Shakespeare: bard of a rising class

What is the secret of Shakespeare’s enduring appeal, and why should workers today be interested in his writings?

Kathy Sharp

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Speaking on the 400th anniversary of Shakespeare’s death, on 23 April 2016, Comrade Kathy Sharp explains the essence of William Shakespeare’s greatness, relevance and contemporary meaning, from a Marxist standpoint.

The first part of her presentation can be read here: Celebrating Shakespeare: a Marxist-Leninist perspective

It is interesting to note that Shakespeare’s plays and poetry, like much of literary history and thought, are often taught at our schools (if they are taught to them at all) in such a way as to make them incomprehensible to most working-class children, and apparently of relevance only to the elite.

Shakespeare is embraced as the ‘universal man’ by our ruling class, who see him as the epitome of Englishness and their ‘superior’ culture, while simultaneously placing him above place, time and class interest. He is simply a ‘national treasure’. In the USA, he is viewed by many as a symbol of Eurocentric supremacy.

Yet Kathy points out, using the brilliant Marxist analysis of Soviet citizen AA Smirnoff that his greatness lay in the fact that he was in reality very much a man of his time.

That time was the rise of the the English capitalist class in the last days of the absolute feudal monarchy, as it first finished off the remnants of the feudal nobility proper, and then braced itself for the confrontation with feudalism that was the English revolution (civil war).

Shakespeare was, in essence, the bard of a rising class – of a class in its period of ascendancy, revolutionary action and revolutionary optimism.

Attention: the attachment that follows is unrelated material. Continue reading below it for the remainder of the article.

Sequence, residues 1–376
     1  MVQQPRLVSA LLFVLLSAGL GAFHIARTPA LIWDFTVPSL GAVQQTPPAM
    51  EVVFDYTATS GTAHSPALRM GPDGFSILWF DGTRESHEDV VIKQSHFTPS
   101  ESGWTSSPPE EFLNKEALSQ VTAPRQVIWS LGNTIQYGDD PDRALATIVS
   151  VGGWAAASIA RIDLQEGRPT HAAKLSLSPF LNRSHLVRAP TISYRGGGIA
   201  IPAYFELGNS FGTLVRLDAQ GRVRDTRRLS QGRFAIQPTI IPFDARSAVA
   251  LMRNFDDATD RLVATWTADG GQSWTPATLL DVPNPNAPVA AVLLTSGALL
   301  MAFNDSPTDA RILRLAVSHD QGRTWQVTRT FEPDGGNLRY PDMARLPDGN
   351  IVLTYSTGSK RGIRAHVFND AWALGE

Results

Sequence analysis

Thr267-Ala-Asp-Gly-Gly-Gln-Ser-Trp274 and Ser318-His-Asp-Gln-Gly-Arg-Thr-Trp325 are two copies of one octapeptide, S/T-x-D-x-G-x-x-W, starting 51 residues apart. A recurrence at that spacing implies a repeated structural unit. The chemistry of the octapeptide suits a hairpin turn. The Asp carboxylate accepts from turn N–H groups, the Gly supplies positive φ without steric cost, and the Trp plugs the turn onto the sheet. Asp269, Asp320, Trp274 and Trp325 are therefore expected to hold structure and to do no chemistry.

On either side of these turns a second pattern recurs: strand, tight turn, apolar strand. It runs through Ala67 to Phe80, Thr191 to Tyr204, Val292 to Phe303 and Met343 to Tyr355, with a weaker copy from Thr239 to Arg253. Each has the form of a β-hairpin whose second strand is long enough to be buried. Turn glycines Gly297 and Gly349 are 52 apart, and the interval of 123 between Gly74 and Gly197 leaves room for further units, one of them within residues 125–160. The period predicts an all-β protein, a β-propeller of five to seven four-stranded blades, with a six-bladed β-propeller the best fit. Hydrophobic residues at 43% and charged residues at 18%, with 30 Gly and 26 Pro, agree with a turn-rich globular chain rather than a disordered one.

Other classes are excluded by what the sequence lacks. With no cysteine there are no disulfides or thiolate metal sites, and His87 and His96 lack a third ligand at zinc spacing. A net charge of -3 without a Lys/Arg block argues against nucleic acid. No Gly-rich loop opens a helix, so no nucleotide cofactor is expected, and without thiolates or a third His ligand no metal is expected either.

Shakespeare’s outlook was essentially humanist, putting the great tempestuous acts of human will at the centre of history, and elevating man from the stagnant feudal epoch to centre stage: powerful, and capable of great feats of daring and accomplishment.

Kathy outlines the key historical context of Shakespeare’s life and times, and in so doing elucidates the crucial materialist history of the rise of the English bourgeois class, which set the stage for its bourgeois revolution, the primitive accumulation of capital and the colonial epoch. This in turn set the stage for the modern world in which we live.

Placing Shakespeare in context both renews our appreciation and enjoyment of his work, and reaffirms the power of the materialist analysis of history as a tool for the empowerment and action of the working masses.

Shakespeare’s plays attest to his views that man is the shaper of his own destiny, and that the value of life lies in heroic struggle – even if that struggle may end in defeat.

This is an enlightening presentation with broad scope. Anyone studying English literature, Shakespeare’s plays, English history or the proletarian movement should watch the presentation and read Smirnoff’s brilliant work: Shakespeare: A Marxist Interpretation. (1936)